A clear and important voice in British journalism Carol Ann Duffy
Christina Patterson is a writer, broadcaster and columnist. She writes, for The Sunday Times and The Guardian, about society, culture, politics, books and the arts. She did the first interview after he left office with Gordon Brown, spending a day with him in his freezing constituency, in a thin summer dress. She has been described by Clive James as “a wonderful, gutsy” writer, and by Andrew Motion as “one of the best columnists around”.
After terrible experiences of nursing, she has tried to do what she can to make things better. She did a special report on nursing in The Independent, which was shortlisted for the Orwell Prize 2013, has made programmes about it for Radio 4, and presented a film about it for The One Show. A regular commentator on radio and TV news and cultural programmes, she has written for The Observer, Time, The Spectator, the New Statesman, the TLS, the Literary Review, High Life, Intelligent Life, The Huffington Post and The Independent, where she did “The Christina Patterson interview” and wrote the the lead comment piece once a week.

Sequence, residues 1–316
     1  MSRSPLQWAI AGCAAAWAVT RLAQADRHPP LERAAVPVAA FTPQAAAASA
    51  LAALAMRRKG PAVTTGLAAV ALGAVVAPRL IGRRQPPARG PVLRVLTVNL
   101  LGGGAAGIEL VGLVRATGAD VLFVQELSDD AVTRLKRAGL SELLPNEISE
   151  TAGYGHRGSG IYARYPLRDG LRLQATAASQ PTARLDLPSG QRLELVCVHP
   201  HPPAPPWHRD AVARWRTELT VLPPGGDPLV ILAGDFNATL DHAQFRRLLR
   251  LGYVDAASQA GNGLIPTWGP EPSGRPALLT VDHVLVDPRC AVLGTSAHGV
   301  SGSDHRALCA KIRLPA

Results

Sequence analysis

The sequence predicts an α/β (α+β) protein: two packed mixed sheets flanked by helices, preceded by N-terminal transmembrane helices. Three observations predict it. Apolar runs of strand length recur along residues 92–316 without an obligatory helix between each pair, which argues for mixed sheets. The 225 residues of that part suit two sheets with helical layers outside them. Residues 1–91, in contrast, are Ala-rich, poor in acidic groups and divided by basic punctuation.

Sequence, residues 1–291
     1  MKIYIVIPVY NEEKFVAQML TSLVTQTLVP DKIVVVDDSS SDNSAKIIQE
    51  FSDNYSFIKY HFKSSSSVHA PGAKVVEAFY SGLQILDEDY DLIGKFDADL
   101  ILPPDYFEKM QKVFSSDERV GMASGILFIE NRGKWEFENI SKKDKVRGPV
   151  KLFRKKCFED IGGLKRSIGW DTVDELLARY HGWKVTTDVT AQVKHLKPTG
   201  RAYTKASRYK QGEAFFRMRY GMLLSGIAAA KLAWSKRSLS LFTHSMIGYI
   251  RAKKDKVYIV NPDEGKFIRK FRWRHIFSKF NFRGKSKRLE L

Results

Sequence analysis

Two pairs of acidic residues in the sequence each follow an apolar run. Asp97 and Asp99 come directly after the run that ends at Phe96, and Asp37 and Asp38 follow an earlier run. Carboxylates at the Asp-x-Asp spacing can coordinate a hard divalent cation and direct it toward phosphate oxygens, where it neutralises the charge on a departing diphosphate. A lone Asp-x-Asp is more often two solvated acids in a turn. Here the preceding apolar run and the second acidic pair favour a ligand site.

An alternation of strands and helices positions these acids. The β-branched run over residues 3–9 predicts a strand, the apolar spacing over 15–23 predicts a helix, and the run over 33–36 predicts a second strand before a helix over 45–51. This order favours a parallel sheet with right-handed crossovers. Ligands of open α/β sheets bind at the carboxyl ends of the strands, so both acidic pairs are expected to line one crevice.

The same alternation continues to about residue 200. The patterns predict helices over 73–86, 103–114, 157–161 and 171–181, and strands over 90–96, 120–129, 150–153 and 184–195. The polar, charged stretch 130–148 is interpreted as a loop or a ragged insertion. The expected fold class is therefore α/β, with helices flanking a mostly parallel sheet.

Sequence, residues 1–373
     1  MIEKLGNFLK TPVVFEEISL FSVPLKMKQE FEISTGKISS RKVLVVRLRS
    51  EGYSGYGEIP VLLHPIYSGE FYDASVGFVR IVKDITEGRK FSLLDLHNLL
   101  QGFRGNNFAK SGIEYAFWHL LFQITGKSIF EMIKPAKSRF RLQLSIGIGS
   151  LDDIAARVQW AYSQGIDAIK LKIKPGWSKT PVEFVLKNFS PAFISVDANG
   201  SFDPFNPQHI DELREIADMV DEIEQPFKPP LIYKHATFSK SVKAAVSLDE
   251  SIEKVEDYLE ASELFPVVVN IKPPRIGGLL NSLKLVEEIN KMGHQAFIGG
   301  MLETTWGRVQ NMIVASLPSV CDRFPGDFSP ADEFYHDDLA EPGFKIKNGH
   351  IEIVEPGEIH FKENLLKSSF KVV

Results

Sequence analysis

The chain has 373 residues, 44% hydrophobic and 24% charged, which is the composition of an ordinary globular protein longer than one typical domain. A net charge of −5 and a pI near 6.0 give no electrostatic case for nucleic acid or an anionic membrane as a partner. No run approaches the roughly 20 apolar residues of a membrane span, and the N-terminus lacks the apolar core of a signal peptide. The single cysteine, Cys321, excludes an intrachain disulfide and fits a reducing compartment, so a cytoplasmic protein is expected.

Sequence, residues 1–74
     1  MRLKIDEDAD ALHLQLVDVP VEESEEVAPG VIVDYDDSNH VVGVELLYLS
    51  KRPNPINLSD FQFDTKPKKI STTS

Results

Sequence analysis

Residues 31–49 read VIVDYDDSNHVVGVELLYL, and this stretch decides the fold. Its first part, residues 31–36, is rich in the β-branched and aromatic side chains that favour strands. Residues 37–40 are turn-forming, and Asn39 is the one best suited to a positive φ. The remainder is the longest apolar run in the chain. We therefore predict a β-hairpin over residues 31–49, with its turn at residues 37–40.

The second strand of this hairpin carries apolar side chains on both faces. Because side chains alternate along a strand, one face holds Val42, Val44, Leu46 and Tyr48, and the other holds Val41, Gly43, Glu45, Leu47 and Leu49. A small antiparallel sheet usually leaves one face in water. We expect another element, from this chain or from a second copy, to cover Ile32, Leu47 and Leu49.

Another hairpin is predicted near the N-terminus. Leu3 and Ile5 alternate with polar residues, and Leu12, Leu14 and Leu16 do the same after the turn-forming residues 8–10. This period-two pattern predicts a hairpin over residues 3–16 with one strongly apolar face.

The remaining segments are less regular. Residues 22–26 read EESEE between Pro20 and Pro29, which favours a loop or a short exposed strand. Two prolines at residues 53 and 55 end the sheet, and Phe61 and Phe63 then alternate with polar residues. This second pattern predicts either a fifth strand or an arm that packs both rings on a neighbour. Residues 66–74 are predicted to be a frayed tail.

She also works as a communications consultant, helping leaders and organisations hone their messages. She agrees with Orwell that the "slovenliness of our language" can lead to "foolish thoughts", and that if you can't think clearly you haven't got a snowball's chance in hell of persuading people that you have a good story to tell.
8th May 2015
So, it’s over. After six weeks that have felt much more like six months, this general election is over. And for many people, it really is over. For my dear friend, Stephen Lloyd, for example, the utterly dedicated MP for Eastbourne and Willingdon, it’s very clearly over now. When I woke up, at 5am, he had just announced that he was retiring from politics, after losing his seat by a margin of 733 votes. I know how hard he worked. I know how much his constituents loved him. But his political career is now over. Politics is a tough, tough, tough, tough game.
And the thing is, it isn’t a game. Some people seem to think it is. Some people seem to think it’s funny when people who have devoted their lives to making other people’s lives better fight tears on a podium and try to put a brave face on their loss. I’m glad I live in a country that values “r